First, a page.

Everything on Hold

Markets remain obsessed with Spain while waiting for the Greek election. All the news stories are of the type: country X could suffer if Greece exits the euro. It is a hopeful point that all the politicians of countries X1, X2… Xn will be making this point to European politicians. Equally, other central bankers will be expressing their views to the ECB — in Mario Draghi’s case, via the famous MIT network (http://bloom.bg/LO3Plu) — and their views will be very much in favour of preventing disasters. Meanwhile, the debate within Europe (or, at least, between Angela Merkel and everyone else) continues, with the Commission sounding more assertive on Eurozone bonds, common banking supervision, allowing the ESM to recapitalise banks directly, and allowing Spain extra time to meet its deficit targets (on the argument that it is the only non-programme Eurozone country expected to be in recession in 2013).

Talking of the Commission, the EU’s executive body has just released fiscal reports on Eurozone countries and tells pretty-much all of the non-programme countries to increase austerity. Its opinions on this subject will have legal force once Eurozone members adopt the fiscal treaty. The fiscal treaty makes some sense, I suppose: it mirrors the balanced-budget rules of many US states (whether these are a good idea is a matter for debate, but the US is certainly integrated enough that they do not lead to state crises of the kind we are seeing in Europe). But it strikes me that, in building institutions for their United States of Europe, the Europeans are making the same mistake as those who see fiscal austerity as a great opportunity to shrink the size of the state: they are allowing their obsession to rule policy and failing to respond to the current environment. I am all for shrinking the size of the state as a proportion of the UK economy, but not now, in the middle of a recession. I am all against a United States of Europe, but if they must build such a thing, they should not be building this particular part right now, in the middle of a crisis which austerity alone is only going to make worse.

The Stimulative Mr. Rosengren

Eric Rosengren of the Boston Fed (not presently voting on the FOMC) has joined Charles Evans in calling for more stimulus. The options that he laid out were interesting. He talked about more QE, more OT, or further changes to Fed communications to clarify how long the Fed will keep rates low.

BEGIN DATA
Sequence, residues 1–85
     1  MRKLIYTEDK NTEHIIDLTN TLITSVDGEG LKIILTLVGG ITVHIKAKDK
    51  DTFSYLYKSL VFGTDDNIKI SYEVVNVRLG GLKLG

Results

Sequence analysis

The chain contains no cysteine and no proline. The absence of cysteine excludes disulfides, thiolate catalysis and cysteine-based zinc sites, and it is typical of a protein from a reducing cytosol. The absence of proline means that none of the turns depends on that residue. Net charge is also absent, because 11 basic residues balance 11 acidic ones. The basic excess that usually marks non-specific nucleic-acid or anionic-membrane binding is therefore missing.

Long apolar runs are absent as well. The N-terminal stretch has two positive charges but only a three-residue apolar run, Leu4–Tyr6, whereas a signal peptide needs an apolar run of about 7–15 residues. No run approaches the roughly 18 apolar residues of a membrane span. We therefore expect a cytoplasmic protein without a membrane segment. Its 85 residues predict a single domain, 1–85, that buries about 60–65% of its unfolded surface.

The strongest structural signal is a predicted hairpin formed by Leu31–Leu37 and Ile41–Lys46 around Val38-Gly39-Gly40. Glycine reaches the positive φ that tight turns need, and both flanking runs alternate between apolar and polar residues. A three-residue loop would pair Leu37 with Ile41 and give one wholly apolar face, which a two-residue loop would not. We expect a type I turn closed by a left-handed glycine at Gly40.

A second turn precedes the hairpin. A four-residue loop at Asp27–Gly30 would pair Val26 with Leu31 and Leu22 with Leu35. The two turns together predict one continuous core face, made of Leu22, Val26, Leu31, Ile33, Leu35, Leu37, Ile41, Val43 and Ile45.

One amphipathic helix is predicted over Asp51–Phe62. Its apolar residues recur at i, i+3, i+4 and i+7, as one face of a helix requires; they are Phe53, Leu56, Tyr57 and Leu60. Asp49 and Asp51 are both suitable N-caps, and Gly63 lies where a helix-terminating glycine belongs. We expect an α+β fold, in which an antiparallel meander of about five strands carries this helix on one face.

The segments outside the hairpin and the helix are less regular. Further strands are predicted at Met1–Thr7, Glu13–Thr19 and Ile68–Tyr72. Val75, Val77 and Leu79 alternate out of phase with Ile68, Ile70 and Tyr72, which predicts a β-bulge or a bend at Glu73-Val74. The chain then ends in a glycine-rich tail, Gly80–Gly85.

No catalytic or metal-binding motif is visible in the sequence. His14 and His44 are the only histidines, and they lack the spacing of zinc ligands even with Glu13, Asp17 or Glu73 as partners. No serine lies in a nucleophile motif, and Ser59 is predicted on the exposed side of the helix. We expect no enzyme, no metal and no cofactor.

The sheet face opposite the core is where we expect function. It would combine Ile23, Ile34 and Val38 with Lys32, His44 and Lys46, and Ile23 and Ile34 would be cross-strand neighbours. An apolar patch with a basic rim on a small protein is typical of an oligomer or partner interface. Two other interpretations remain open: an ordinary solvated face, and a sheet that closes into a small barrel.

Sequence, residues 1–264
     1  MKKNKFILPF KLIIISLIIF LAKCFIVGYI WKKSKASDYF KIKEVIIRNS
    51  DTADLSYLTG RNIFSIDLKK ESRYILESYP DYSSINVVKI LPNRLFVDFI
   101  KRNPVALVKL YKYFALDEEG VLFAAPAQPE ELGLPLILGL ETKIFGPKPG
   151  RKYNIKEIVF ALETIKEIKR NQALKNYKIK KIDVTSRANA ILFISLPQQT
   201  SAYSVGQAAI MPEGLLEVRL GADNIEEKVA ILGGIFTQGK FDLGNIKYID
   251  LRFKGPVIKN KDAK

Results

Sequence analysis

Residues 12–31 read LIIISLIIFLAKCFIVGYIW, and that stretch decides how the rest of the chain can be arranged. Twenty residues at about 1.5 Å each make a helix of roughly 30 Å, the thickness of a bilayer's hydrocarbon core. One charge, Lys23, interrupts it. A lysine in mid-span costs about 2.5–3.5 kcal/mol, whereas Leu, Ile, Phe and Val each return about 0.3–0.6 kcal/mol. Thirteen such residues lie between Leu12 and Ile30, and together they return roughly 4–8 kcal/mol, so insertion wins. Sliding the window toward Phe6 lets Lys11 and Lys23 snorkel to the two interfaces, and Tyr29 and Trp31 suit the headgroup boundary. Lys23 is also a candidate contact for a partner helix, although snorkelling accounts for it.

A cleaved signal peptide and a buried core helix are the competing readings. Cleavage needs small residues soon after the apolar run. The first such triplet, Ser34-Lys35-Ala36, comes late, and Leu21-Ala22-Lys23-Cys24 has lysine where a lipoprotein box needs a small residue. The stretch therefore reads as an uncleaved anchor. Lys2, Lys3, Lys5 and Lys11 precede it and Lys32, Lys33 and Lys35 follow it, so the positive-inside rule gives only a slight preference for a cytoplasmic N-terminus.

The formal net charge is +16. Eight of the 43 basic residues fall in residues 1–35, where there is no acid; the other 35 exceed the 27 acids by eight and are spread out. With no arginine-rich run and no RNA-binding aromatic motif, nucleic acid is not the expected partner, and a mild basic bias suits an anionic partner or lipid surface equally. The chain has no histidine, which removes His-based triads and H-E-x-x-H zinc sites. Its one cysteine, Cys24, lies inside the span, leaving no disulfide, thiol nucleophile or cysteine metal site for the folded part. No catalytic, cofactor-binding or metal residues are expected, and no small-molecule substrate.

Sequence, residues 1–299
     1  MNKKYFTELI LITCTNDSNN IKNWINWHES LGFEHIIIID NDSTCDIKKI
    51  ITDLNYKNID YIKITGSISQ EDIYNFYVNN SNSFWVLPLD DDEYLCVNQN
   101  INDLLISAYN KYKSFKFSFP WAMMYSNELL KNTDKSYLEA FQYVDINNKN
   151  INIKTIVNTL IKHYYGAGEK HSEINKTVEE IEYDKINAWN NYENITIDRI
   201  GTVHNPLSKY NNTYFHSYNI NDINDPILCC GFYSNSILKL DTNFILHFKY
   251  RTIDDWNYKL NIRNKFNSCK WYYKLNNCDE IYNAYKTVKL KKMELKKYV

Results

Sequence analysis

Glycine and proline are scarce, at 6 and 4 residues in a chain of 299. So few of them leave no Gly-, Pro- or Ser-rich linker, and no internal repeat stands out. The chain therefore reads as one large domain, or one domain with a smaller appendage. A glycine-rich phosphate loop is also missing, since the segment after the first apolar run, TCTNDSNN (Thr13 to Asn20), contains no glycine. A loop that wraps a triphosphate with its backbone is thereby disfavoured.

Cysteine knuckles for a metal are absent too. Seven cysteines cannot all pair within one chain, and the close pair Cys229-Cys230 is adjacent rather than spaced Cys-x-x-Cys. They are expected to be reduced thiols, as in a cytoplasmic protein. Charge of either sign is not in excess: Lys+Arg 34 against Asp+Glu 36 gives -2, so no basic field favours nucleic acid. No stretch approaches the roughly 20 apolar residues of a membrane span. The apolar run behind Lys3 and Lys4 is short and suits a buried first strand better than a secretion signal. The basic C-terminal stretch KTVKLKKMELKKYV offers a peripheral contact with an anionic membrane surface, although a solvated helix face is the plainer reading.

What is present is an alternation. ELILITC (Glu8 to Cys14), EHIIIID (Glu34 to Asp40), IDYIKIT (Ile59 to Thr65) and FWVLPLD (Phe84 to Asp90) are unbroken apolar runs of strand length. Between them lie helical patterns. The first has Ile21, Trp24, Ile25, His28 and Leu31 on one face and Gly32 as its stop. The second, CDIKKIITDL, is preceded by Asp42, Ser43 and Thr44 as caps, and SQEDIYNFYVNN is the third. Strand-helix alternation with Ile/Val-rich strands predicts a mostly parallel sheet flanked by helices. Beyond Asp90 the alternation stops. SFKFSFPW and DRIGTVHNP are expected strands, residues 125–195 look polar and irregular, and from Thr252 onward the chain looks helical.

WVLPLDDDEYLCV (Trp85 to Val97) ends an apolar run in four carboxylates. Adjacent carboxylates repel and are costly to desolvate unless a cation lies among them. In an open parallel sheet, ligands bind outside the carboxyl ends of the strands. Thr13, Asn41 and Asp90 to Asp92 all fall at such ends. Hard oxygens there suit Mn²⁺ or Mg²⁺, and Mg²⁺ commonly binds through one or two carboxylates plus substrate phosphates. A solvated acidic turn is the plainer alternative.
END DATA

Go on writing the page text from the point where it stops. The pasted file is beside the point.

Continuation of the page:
It struck me that, if the Fed’s objective is to reduce interest rates across the curve, there is not much more than it can do. Rate expectations are already extremely low at the front end of the futures curve. Moreover, I calculate that 10-year interest rates have just fallen to a level consistent with current short-term rates, assuming that the expected volatility of future rates is the same as their historical volatility. One has to ask: how much more can the Fed actually do? Of course, rates have only fallen this low because of pessimism about the economy, so the Fed could do more to keep them this low when prospects improve; and the expected future volatility of short-term rates is probably less than their historic volatility. This means that there is room for further action by the Fed. But if the 10-year rate fell another, say, 50bps, it would be getting about as low as it can go.

What would the Fed do then? It could drive the rate down still further, by reducing further the expected future volatility of short-term rates, but I wonder how far it would be prepared to go here. A stated expectation that the Fed Funds rate would not move for five years, say, might be a bridge too far. It could drive up inflation expectations, and thereby decrease real interest rates, but its recent history shows that there is only so far it would be prepared to go on that score. That leaves the option of employing QE in order either to finance an increase in government spending — which seems politically unlikely — or to finance parts of the real economy. Purchases of MBS or corporate bonds by the Fed would have a direct, positive effect on the economy.

This line of reasoning answers a question I have been asking for a while: if you communication policy has reduced interest rates along the curve, and your actions have convinced the market that you will hit or exceed your inflation target, then why would you do more QE? The answer is that QE is not all about reducing interest rates: there is also the direct effect of QE purchases (actually, the argument that QE reduces interest rates is not one that I find very persuasive).

Forgotten Emerging Markets

With all the focus on Europe, it is easy to forget about emerging markets. India has just reported growth of 5.3%, the lowest since 2010. China’s economic slowdown is continuing, as some charts in the World Bank’s latest report attest (http://bit.ly/LOaw6R). Brazil’s central bank rate has just been lowered to 8.5%, a record low.

Add to this a distinct weakening in the US data in the past month (my US leading index has ticked downwards), and there is reason for caution over my view that markets will likely rebound when the Greek and Spanish situations are resolved. If the economic picture elsewhere in the world looks distinctly worse by the time this happens, markets may not recover.